Submitting (SFF) While Black

Judgment Day.jpg

On SFF markets and the problem of diversity.

This is one of those long ones. Grab a snack.

Art by Joe Orlando. From the story Judgment Day! in the March-April 1953 issue of Weird Fantasy.

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Dreaming of Harriet Tubman

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Harriet Tubman is finally set to grace the front cover of the $20 bill. For many it’s a dream come true, especially since folk been “dreaming of Harriet” for a minute.

Image: from a source I won’t name that seemed to be parodying black history with an allusion to “Harriet Tubman in space.” I am both jacking and subverting that sh*t.

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Tips for Understanding Black History Month- 2016 Edition

black-history-month-1It’s that time of year again, Black History Month. Every February in the United States, the country sets aside 28 (or 29 in a leap year) days to celebrate, discuss and engage Black History. Innocuous enough. And yet Feb. 1st seems to signal the beginning of a 28-day long ritual of whining (how come they get their own month?), misconceptions and endless micro-aggressive racial faux-pas. And this isn’t just from the usual sky boxes of white privilege; there are black people (looking in your general direction Stacey Dash) who wade into…well…the stupid. So here are a few tips to better understand the month, both for those who have to endure the stupid and for those who might be enticed to engage in the stupid.

This is just an updated list from an annual post I’ve done for the last two years. But guess what? It never gets old because the stupid never changes.

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Paradox and Patriotism: What to the Slave is The Fourth of July?

“He has excited domestic insurrections amongst us, and has endeavoured to bring on the inhabitants of our frontiers, the merciless Indian Savages, whose known rule of warfare, is an undistinguished destruction of all ages, sexes and conditions.”– Declaration of Independence July 4, 1776.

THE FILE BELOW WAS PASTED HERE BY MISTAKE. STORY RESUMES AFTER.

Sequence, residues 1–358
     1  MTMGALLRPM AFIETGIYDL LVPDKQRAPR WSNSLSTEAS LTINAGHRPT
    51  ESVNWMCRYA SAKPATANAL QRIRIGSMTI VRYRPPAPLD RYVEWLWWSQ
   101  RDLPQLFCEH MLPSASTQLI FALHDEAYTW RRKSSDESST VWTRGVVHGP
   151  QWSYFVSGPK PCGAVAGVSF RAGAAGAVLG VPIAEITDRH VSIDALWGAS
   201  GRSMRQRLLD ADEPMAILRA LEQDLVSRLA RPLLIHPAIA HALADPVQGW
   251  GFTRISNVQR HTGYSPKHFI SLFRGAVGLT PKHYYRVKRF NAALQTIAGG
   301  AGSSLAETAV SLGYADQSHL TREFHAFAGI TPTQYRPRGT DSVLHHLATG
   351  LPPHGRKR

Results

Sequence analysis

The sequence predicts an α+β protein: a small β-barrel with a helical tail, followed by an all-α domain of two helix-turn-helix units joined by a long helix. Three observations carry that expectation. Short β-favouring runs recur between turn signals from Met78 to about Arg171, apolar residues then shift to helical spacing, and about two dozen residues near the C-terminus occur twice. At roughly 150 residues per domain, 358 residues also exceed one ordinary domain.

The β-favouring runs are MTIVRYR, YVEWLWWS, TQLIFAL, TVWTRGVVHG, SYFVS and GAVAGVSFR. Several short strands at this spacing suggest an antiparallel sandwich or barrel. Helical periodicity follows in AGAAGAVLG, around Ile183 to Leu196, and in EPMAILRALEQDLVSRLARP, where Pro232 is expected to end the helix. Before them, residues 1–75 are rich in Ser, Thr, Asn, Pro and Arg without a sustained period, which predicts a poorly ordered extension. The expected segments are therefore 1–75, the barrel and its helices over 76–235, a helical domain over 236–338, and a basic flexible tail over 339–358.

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Early Black Writers, Speculative Fiction and Confronting Racial Terror

BlakeIn the bleakest of moments African-American writers have turned to literature to confront racial terror and the trauma it could induce–turning to poetry, personal narratives, plays and novels. Sometimes, they even dreamed of the fantastic.

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How to Spite A Racist Troll: Support Black Dreams

FH2TIMBUKTUThis March, African-American indie author Milton Davis released his long-awaited Steamfunk adventure From Here to Timbuktu. Filled with heroes, heroines and (of course) all things steam, the story is set an alternate 19th century world where the United States shares North America with a nation of liberated slaves called Freedonia, Mali is still a powerful kingdom in West Africa and an ambitious Prussian officer has nefarious motives. It’s a fascinating, imaginative bit of world building that should be welcomed by everyone in the genre. Not so however for racist trolls, who live to crush black dreams.

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People Are Alike All Over: The Human Zoo

humanzoogermanyIn the late nineteenth and early twentieth centuries, as race science blended with the new colonial imperialism, “human zoos” became all the rage in the west. Placed into “natural habitats,” adorned in “traditional dress” and sometimes behind bars, people from “exotic” lands were put on display for a gawking public. All of this to prove the racial theories of the day–that people after all were not alike all over.

Art- Poster of the “Peoples Show” (Völkerschau) in Stuttgart (Germany), 1928

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